The Transatlantic Economic Partnership (TEP) was agreed in 1995 and was committed to cooperation in order to strengthen the multilateral trade system (i.e. the WTO), to further open markets for trade and investment worldwide and between the US and the EU. This economic side of the transatlantic cooperation received strong impetus because business created a Transatlantic Business Dialogue (TABD) to emphasise their points on which they wanted to see progress. TABD was created in November 1995, was able to influence the New Transatlantic Agenda (December 1995) and had very early successes. In 1996, the TABD insisted that there would be an agreement on reducing tariffs on information technology and that practices and standards that delayed transport of goods at the borders ("trade facilitation", health and safety standards) would be removed.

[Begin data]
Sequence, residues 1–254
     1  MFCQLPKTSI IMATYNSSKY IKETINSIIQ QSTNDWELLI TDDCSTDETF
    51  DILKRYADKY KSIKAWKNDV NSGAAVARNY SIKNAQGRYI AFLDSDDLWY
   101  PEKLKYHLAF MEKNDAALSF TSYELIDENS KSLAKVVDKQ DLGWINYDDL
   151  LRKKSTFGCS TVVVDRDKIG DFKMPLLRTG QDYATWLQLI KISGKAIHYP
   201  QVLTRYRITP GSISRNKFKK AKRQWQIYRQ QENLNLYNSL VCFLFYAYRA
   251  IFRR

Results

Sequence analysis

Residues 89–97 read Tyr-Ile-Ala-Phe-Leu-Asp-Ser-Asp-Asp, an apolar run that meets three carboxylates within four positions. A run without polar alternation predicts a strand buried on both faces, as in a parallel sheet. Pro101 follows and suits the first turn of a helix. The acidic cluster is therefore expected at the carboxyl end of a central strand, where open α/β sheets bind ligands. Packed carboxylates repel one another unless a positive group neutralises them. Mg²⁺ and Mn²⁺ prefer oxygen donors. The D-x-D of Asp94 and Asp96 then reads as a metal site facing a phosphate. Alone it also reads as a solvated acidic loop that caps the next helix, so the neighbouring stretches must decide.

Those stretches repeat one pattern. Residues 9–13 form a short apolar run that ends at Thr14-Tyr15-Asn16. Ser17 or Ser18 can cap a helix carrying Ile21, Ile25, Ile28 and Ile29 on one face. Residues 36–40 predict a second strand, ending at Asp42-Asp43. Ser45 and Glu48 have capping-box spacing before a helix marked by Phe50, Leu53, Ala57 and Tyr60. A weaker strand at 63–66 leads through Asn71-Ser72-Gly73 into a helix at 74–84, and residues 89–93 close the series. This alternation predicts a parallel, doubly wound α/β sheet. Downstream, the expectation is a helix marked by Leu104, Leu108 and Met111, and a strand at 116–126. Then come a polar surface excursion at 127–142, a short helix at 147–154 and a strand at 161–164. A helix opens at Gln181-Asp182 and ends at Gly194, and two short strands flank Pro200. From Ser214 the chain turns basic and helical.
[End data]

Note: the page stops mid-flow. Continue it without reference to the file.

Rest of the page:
The business community plays an important role through the Transatlantic Business Dialogue in activities. More than a thousand representatives of the European and American business communities met at conferences in Seville in 1995, Chicago in 1996, Rome in 1997 and Charlotte, USA, in 1998 and produced concrete recommendations. The last conference was held in Berlin in October 1999.
The Transatlantic Small Business Initiative (TASBI) was launched at the Chicago TABD Conference in November 1996. It is a joint EU-US programme focussing firstly on stimulating small and medium-size enterprises (SMEs) from both sides of the Atlantic to form business alliances and partnerships, and secondly to develop database systems to assist SMEs to discover the economic environment in each region and to facilitate partnerships across the Atlantic.